The deep web is not a tourist destination. If you are dead set on visiting the deep web I would suggest you look into what software and hardware you will need to browse anonymously.

However, many media outlets, including DeepDotWeb, have taken to using Deep Web synonymously with the Dark Web or Darknet, a comparison Bright Planet rejects as inaccurate and consequently is an ongoing source of confusion. Wired reporters Kim  Zetter and Andy Greenberg recommend the terms be used in distinct  fashions.
In the year 2000,  Michael Bergman said how searching on the internet can be compared to  dragging a net across the surface of the ocean: a great deal may be  caught in the net, but there is a wealth of information that is deep and  therefore missed. Most of the web’s information is buried far down on sites, and standard search engines do not find it. Traditional search engines cannot see or retrieve content in the deep web. The portion of the web that is indexed by standard search engines is known as the surface web. As of 2001, the deep web was several orders of magnitude larger than the surface web. An analogy of an iceberg has been used to represent the division between surface web and deep web respectively.
Non-indexed content
Bergman, in a seminal paper on the deep Web published in The Journal of Electronic Publishing, mentioned that Jill Ellsworth used the term invisible Web in 1994 to refer to websites that were not registered with any search engine. Bergman cited a January 1996 article by Frank Garcia:
It would be a site that’s possibly reasonably designed, but they didn’t bother to register it with any of the search engines. So, no one can find them! You’re hidden. I call that the invisible Web.

Another early use of the term Invisible Web was by Bruce Mount and Matthew B. Koll of Personal Library Software, in a description of the @1 deep Web tool found in a December 1996 press release.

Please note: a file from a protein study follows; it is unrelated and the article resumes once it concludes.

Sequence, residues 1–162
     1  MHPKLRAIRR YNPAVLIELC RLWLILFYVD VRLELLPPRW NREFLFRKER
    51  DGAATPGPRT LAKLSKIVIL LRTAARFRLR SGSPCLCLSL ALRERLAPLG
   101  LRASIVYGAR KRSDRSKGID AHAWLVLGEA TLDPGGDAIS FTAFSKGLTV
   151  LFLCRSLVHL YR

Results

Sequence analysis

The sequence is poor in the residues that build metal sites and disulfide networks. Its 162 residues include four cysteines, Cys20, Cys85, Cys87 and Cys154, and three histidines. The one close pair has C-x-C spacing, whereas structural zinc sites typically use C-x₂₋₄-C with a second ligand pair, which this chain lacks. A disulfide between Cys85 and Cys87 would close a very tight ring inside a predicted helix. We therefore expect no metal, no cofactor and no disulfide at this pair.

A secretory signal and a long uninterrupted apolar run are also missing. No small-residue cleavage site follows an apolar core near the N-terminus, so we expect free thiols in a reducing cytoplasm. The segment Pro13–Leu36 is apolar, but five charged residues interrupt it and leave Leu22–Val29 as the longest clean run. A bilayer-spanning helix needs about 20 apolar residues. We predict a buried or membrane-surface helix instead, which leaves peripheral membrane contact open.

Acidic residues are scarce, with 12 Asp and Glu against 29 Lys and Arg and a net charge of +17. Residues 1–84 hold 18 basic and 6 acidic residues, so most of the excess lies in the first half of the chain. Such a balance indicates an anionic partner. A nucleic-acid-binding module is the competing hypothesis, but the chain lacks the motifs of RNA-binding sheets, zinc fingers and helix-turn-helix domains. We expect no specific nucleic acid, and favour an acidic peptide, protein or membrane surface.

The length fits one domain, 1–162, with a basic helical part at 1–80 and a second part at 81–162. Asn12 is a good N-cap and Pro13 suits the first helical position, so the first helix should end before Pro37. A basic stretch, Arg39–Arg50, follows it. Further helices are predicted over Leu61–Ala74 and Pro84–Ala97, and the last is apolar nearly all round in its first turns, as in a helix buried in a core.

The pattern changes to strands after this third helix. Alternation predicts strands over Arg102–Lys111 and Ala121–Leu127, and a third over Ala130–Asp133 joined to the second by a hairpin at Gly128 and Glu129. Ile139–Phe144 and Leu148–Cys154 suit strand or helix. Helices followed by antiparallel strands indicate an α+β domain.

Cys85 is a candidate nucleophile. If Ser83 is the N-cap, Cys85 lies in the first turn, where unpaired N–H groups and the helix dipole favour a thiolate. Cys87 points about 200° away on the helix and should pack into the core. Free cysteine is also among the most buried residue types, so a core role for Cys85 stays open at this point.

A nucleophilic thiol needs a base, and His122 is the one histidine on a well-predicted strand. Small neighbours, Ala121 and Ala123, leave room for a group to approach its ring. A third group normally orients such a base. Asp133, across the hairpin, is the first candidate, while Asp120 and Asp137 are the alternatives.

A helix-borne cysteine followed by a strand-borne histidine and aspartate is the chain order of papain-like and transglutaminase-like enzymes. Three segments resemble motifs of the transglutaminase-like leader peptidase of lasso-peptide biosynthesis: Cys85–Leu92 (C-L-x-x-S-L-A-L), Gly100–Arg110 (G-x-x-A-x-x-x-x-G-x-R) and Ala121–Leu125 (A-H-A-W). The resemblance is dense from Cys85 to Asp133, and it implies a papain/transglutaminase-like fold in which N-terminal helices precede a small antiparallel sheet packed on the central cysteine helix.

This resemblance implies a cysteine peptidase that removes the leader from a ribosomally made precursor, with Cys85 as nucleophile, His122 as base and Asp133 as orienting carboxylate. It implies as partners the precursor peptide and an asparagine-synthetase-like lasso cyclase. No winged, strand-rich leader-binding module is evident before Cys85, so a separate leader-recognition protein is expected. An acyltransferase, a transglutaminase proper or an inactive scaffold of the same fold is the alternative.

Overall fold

The first use of the specific term Deep Web, now generally accepted, occurred in the aforementioned 2001 Bergman study.
Content types
Methods which prevent web pages from being indexed by traditional search engines may be categorized as one or more of the following:

  • Dynamic content: dynamic pages which are returned in response to a submitted query or accessed only through a form, especially if open-domain input elements (such as text fields) are used; such fields are hard to navigate without domain knowledge.
  • Unlinked content: pages which are not linked to by other pages, which may prevent web crawling programs from accessing the content. This content is referred to as pages without backlinks (also known as in links). Also, search engines do not always detect all backlinks from searched web pages.
  • Private Web: sites that require registration and login (password-protected resources).
  • Contextual Web:  pages with content varying for different access contexts (e.g., ranges of client IP addresses or previous navigation sequence).
  • Limited access content: sites that limit access to their pages in a technical way (e.g., using the Robots Exclusion Standard or CAPTCHAs, or no-store directive which prohibit search engines from browsing them and creating cached copies).
  • Scripted content: pages that are only accessible through links produced by JavaScript as well as content dynamically downloaded from Web servers via Flash or Ajax solutions.
  • Non-HTML/text content: textual content encoded in multimedia (image or video) files or specific file formats not handled by search engines.
  • Software: certain content is intentionally hidden from the regular internet, accessible only with special software, such as Tor, I2P, or other darknet software. For example, Tor allows users to access websites using the .onion host suffix anonymously, hiding their IP address.
  • Web archives: Web archival services such as the Wayback Machine enable users to see archived versions of web pages across time, including websites which have become inaccessible, and are not indexed by search engines such as Google.